This effort requires MUCH MORE creativity, imagination and effort in the form of thoughtful and rigorous debate, discussion, analysis and action from every constiutency to include innovators, small business owners, entrepeuners, small, medium and large manufacturers, service providers, regulators, policy makers, end users, customers, private citizens and privacy advocates and most importantly local municipalities ("communities"). How many times must we as American's learn and relearn the same lesson: That it's always best to buy and build and stay local. Enabling local communities to participate is not just happy talk - it's crucial.KEY POINT: This isn't a matter of "selling" people on spreadsheets and business cases about end unit sales forecasts and manufacturing jobs creation (which are important - but must be beneficial to most and not just a few). If left to the existing proposed path will produce infighting between states for the economic development opportunity of these actual manufacturing activities - which will as a result of the proposed "six site plan" end up concentrating/coalescing around these "magical" places.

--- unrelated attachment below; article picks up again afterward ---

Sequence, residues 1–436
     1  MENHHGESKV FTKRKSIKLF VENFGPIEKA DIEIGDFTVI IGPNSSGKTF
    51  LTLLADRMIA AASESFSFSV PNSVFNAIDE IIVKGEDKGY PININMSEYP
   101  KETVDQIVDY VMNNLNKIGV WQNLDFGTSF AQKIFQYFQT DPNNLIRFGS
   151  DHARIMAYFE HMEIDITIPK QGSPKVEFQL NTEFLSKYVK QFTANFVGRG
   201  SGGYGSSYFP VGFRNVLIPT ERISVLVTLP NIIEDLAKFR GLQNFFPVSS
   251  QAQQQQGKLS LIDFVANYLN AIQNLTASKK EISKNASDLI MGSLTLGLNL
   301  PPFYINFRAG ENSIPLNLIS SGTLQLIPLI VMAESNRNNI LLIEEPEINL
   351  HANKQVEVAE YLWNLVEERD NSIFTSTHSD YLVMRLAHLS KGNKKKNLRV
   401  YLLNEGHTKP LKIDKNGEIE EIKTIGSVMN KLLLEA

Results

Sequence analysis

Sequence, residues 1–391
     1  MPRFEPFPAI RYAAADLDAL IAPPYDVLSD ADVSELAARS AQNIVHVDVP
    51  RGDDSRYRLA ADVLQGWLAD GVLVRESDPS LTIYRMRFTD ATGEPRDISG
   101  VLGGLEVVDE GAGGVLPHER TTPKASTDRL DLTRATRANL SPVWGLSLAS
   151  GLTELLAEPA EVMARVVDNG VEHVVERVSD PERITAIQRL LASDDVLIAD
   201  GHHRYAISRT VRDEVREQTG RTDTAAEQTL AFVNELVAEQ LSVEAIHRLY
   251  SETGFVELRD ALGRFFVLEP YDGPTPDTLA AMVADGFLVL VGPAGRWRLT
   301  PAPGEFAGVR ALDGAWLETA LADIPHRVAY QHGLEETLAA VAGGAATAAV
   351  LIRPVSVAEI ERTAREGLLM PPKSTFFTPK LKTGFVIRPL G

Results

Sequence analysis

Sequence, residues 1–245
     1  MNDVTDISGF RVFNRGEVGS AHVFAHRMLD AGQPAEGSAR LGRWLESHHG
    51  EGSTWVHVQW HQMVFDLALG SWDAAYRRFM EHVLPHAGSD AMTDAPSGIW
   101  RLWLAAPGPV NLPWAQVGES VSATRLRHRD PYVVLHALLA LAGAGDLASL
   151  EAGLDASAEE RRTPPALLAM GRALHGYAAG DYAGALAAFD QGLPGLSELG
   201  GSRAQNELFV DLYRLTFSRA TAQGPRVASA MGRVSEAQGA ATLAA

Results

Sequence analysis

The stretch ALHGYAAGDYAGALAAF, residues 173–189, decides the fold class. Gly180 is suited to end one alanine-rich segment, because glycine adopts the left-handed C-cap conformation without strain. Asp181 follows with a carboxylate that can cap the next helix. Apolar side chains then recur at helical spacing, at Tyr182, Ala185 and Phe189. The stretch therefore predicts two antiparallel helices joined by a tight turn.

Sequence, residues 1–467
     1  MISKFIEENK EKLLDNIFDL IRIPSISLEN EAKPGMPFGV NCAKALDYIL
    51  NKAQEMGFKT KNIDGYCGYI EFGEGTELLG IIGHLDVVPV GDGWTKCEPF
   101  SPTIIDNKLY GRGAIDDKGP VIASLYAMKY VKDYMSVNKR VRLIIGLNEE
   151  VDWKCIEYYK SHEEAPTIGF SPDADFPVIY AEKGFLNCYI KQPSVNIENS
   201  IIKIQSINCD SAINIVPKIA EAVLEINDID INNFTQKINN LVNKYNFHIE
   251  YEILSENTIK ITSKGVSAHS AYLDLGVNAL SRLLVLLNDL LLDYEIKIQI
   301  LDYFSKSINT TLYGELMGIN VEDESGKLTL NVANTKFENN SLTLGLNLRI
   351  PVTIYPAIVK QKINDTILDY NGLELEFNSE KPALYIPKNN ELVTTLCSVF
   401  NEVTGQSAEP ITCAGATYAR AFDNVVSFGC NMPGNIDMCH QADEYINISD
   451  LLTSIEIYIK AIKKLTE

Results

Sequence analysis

I'm all for competition and free markets - however the existing proposed approach is NOT THAT and gives too much power to too few creating a dramatic imbalance resulting in a SCARCITY (FEAR) Based strategy - "there won't be enough" thinking - which limits and restricts imaginative thinking of many many smart, innovative and capable people in the United States and what we end up with instead of growth, health and prosperity is a small, niche and disfunctional industry.